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Jul 28

New Flash Fiction by Permuted Press Author Paul Mannering

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Aug 21

An Excerpt from The Omega Dog

Short Story: "Birds of Prey" by Jason Bovberg

"Birds of Prey"
by Jason Bovberg

*****

Her only memory of the end was of great, winged beasts descending upon the earth. Had that really happened or had she imagined it? She thought about the creatures often, most often at night, behind tightly closed eyes. Maybe the answer to her question did not really matter.

She saw them more clearly every night, as if they were only gradually revealing themselves to her.

Only to her…

*****

Rachel stared across the table at Greg while she spooned meat from the great black bowl. Silverware clinked against broken dishware as they ate. Rachel found it difficult not to look at Greg. She watched him stab a piece of meat with his tarnished fork and bring it effortlessly to his mouth. He chewed without wincing. Rachel admired that. She admired the way his firm jaw moved beneath this skin; she could not take her eyes away from his mouth. She wondered what that mouth would feel like on—

“Rachel?”

It was John.

“I said, could you pass the salt?”

John stared at her through his glasses. His eyes looked crossed.

Now everyone was staring at her.

Greg was staring at her.

She could feel the blood pulsing behind the skin of her face. She grabbed the salt shaker and handed it over to John. Looking down at the food again, she felt the pressure of the three gazes. Had they understood what she had been thinking? Had Victoria caught her staring? She spooned three more helpings of food.

John was pouring salt over his plate. John always covered his plate with salt. Rachel ground her teeth so she wouldn’t have to hear its falling-sand sound.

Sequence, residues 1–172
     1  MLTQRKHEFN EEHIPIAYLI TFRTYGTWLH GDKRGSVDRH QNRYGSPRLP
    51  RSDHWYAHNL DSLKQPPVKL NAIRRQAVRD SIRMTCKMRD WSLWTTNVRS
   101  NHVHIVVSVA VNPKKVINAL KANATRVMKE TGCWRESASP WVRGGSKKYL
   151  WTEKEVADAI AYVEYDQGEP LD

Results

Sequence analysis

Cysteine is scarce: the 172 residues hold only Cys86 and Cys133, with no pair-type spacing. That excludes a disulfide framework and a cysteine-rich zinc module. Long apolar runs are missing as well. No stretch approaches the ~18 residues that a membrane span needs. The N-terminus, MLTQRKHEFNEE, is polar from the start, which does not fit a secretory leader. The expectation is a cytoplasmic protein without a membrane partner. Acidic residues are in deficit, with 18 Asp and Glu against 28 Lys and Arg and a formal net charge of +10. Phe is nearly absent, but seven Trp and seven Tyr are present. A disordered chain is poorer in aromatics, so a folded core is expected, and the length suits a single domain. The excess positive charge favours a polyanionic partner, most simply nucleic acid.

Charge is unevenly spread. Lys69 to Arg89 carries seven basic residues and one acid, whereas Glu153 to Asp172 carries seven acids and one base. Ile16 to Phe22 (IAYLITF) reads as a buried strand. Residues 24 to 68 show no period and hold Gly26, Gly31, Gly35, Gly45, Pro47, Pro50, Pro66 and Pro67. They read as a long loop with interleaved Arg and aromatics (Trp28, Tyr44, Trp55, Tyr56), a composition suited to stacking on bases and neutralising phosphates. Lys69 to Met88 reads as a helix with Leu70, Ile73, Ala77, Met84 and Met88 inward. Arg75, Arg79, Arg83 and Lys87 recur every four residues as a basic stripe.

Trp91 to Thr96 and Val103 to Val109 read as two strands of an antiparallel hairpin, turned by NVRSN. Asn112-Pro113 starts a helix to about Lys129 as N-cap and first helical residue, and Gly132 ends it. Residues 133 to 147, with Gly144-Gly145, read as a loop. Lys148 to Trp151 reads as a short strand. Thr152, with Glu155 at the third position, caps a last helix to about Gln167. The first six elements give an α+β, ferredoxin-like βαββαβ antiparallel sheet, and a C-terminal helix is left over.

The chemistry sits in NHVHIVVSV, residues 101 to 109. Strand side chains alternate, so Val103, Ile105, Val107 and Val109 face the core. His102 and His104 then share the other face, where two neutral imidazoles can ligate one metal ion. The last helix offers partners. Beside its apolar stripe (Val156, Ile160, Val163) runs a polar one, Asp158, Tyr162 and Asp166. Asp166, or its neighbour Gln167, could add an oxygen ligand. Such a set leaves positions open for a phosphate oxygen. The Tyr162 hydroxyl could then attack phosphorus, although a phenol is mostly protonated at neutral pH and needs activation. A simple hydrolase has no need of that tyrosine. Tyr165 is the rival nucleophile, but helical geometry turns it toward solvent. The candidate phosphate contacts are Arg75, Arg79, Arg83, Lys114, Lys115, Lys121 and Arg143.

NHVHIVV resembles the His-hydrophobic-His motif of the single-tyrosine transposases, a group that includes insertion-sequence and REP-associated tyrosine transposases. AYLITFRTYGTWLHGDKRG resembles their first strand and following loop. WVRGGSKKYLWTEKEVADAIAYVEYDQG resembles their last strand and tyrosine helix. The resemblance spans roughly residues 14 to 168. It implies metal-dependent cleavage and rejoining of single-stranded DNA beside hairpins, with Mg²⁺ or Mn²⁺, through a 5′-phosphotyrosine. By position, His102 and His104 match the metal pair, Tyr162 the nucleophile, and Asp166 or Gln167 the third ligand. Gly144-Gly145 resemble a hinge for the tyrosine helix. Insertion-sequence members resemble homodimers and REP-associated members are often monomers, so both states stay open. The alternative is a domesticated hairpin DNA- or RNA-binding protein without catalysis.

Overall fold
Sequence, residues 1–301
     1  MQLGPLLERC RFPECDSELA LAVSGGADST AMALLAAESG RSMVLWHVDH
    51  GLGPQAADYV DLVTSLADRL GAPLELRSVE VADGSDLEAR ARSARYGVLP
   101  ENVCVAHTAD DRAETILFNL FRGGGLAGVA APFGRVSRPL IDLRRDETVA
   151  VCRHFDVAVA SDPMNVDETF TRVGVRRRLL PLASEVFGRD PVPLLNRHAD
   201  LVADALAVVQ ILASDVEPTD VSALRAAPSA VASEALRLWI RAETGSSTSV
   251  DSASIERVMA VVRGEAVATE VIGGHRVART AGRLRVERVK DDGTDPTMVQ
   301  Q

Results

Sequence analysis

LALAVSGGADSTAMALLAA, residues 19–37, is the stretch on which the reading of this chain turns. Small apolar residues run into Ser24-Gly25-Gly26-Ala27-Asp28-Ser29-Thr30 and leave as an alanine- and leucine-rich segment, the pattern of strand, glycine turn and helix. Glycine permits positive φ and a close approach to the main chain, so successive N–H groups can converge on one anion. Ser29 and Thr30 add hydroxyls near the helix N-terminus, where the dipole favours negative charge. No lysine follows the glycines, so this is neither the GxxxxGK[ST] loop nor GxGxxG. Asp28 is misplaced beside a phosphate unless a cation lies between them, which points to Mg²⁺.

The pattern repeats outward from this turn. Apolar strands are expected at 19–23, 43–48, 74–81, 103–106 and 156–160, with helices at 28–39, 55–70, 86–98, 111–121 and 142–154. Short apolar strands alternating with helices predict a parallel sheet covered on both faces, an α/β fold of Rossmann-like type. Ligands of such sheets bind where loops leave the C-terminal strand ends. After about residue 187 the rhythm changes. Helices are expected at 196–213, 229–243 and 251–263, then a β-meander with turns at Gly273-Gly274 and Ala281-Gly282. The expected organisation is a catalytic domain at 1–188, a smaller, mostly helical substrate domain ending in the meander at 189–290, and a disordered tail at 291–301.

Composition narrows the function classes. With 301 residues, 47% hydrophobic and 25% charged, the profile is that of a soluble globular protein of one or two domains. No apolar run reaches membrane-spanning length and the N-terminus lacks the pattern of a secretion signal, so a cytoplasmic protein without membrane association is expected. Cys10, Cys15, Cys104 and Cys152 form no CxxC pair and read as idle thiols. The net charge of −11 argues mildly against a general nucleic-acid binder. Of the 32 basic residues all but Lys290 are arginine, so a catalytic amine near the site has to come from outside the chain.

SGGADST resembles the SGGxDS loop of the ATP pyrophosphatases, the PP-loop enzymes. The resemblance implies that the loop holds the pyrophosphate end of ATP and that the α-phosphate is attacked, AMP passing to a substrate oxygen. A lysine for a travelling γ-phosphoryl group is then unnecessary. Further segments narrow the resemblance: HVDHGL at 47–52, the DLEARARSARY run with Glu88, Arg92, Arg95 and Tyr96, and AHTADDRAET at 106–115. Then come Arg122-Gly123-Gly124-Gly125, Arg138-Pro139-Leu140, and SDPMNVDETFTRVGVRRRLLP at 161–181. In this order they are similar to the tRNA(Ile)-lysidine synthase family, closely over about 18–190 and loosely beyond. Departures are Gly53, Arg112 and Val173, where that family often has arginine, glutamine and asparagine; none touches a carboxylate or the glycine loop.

Unconsciously she looked at Greg again, at his thick neck, at his hair.

The conversation went on around her. Greg’s voice made her eyes water, made her palms sweat. She wondered how that voice would feel whispered in her ear late at night under the yellow moon. She and Greg spread out on a blanket holding each other, knowing each other, watching the dim movement of the heavens. She discreetly shook her head. How could she be thinking of Greg this way? How could she be doing this to Victoria? Oh forget it, forget it.

“The water is particularly refreshing tonight,” John said. Rachel hated him when he said that. Not that she felt differently; it just sounded so … bland, coming from John.

It was hard not to look at Victoria, at the drool.

“Well,” Greg spoke, “it’s all we have, you know.” He looked at John, a quizzical expression spreading across his face. He hesitated, as if almost remembering something, then he shrugged. “I guess we’ve all been very fortunate to even have the pond. And to have uncontaminated food.”

Both Rachel and John glanced accidentally at Victoria but then looked quickly back at Greg. He did not miss the glance; surely he was used to that by now. Poor Greg, thought Rachel.

“I know,” said Greg, “I know what you’re thinking.” He did not have to look at Victoria to remind himself. He did not have to acknowledge the bandages or the wire. He looked down at his food and shook his head.

Minutes passed.

John said, “Still, it is quite refreshing.” He drank deep from his glass.

*****

The winds beneath those wings, the destruction in their wake. Collapsed buildings, savage cries.

Clouds of memory in Rachel’s mind: deep thunder above the falling beasts as they struck. Eternal night, black faces.

Rachel giggling softly as the giant birds screeched overhead. Her hair whipping in the darkness.

And when the rain began, Rachel wanted to scream but could only laugh...

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